Hours before Coach K’s dizzy spell sent him to the locker room in Duke’s win over Wake Forest, excerpts from Ian O’Connor’s upcoming book, Coach K: The Rise and Reign of Mike Krzyzewski” detailed a brief power struggle within Duke last year over Coach K’s plans to name his replacement. O’Connor’s insider book claims that Duke president Vincent Price’s preference for a successor was to hire Harvard coach Tommy Amaker as the coach-in-waiting. Instead, Coach K called Amaker and told him if he came back as an assistant for one year, it would make for an awkward situation with associate head coach Jon Scheyer.
Amaker reportedly was understandably left heartbroken by the decision. In addition to being one of Coach K’s earliest recruits, he was the point guard who led a Coach K team to its first NCAA Tournament berth and first national title game. Amaker’s return could have been a “Juwan Howard returning to Michigan” type of moment for Duke. But Duke basketball’s brand is larger and more cutthroat than Michigan basketball. It’s college basketball’s Goldman Sachs.
While this has devolved into bickering over Coach K missing the boat by promoting Jon Scheyer from within instead of bringing the more accomplished Amaker back into the fold, it misses the boat entirely. Coach K fell into an in-group mentality instead of broadening his scope. Neither Amaker, Scheyer, or any of the stems from Coach K’s coaching tree are the most qualified to take over Duke basketball.
Coach K played for Bobby Knight at Army after Knight played at Ohio State. Dean Smith graduated from Kansas, and John Calipari hugged the bench at UNC Wilmington before playing D-II hoops at Clarion. Mick Cronin is not a UCLA man.
For every Jud Heathcote-to-Tom Izzo handoff, there are several more flops like Matt Doherty, Kevin Ollie, Eddie Sutton, or Holly Warlick. The jury is still out on Hubert Davis, the Tommy Amaker of UNC, but few of Coach K’s assistants aside from Johnny Dawkins, Amaker, or Collins have built winning programs.
A decade ago, Pat Summitt’s retirement prompted the University of Tennessee to tap Summit’s Lieutenant, Holly Warlick, to assume her command. Warlick had never been a head coach before at the collegiate level, but she was a former 3-time All-American in Summit’s early years. After a few Elite Eight’s in her first few seasons, the quality nosedived until the Vols were first-weekend casualty three consecutive years. A more shrewd coaching search led to Tennessee hiring Missouri State’s program-builder Kellie Harper. She had Tennessee racing back to a potential No. 1 seed in three years before injuries dealt them a setback.
Coach K’s philosophy on succession stems from his background at Army, where lines of succession are baked into the core of its leadership ranks.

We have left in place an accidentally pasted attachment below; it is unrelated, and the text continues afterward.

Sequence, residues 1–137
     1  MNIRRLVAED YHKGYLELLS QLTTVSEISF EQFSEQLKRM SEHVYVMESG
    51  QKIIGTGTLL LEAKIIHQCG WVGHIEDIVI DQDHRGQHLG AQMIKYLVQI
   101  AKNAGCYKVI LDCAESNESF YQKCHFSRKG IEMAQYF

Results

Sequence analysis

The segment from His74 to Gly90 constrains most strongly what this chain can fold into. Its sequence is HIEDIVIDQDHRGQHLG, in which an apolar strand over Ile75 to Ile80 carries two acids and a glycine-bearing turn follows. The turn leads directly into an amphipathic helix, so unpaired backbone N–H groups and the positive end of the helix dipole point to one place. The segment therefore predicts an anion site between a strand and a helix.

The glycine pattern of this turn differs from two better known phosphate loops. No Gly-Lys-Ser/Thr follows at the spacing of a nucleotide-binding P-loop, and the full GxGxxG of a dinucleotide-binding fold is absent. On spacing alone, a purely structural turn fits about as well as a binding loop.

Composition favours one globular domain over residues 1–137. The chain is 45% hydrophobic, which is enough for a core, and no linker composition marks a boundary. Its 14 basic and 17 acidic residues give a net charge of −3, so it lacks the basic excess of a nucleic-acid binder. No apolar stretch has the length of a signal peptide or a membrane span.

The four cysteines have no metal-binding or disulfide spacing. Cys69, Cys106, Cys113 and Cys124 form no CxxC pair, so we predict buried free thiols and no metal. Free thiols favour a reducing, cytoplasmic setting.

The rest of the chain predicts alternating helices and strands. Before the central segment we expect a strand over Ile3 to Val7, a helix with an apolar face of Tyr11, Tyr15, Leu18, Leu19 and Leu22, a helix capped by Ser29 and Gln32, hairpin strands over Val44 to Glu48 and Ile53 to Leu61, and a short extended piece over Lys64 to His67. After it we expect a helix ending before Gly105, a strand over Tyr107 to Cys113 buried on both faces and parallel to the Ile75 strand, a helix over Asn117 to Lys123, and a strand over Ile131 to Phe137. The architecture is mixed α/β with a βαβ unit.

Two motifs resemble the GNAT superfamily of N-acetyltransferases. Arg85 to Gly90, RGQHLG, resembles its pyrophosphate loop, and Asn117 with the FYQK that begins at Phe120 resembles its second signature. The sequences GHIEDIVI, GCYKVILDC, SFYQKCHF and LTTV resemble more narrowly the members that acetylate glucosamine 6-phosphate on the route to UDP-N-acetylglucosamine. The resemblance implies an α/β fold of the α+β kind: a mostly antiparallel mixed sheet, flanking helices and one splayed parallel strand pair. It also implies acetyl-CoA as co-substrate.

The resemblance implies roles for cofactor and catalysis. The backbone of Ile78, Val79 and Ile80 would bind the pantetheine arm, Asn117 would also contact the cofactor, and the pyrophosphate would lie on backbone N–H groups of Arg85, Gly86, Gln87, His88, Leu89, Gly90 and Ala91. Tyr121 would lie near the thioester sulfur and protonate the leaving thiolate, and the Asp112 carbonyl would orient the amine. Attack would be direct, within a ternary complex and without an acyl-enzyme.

“In the service, you are constantly looking at succession,” he explained in June at his retirement announcement presser. “When you take over for somebody in command, that person helps you. Continuity is what it’s called — continuity of excellence. That has a lot to do with succession.”
His desire to find the next Coach K after having Bobby Knight as a coach and mentor at Army and then Indiana is misguided.
Tim O’Toole, who left Krzyzewski’s staff in 1997, was the last Coach K assistant who didn’t play for him at Duke. O’Connor’s book delves into how O’Toole convinced Duke to recruit non-traditional Duke prospects from different backgrounds. Imagine if Duke recruited as he searches for coaches, giving a special priority to athletes with Duke alumni relatives over the phenom talent they rake in from all over the country.
Duke could target any proven top-tier coach on the market. Coach K believing that the best possible coach is already on the Blue Devils bench, reeks of pride and arrogance. North Carolina and Duke aren’t part of a faceless military command structure. Reaching outside his ranks is the best way to attract an elite candidate to keep Duke’s elite program on its current trajectory.
Scheyer’s role in recruiting Duke’s one-and-done classes has been well-documented, but. Coach K’s shadow hovered over every player Scheyer visited as an assistant. Before leaving the Krzyzewski cocoon, Steve Wojciechowski and Jeff Capel were also regarded as skilled recruiters.
We know virtually nothing about his ability to make the correct in-game adjustments, a coach under pressure, manage minutes, execute game plans, timeouts or recruit on his own. Alabama’s Nate Oats has shown the ability to morph programs at Buffalo and Duke. Imagine if he were given the advantage Duke could provide. Brad Stevens may have the coaching bug still in him. Duke fans remember him. Mark Few’s long-time assistant Tommy Lloyd is already terraforming Arizona back into a top-5 team. Dan Hurley might be one of the best sideline tacticians in college hoops and has the added benefit of being Bobby Hurley’s brother.
Instead, Duke handicapped their coaching search, and history tells us that it will kneecap their program in the long run.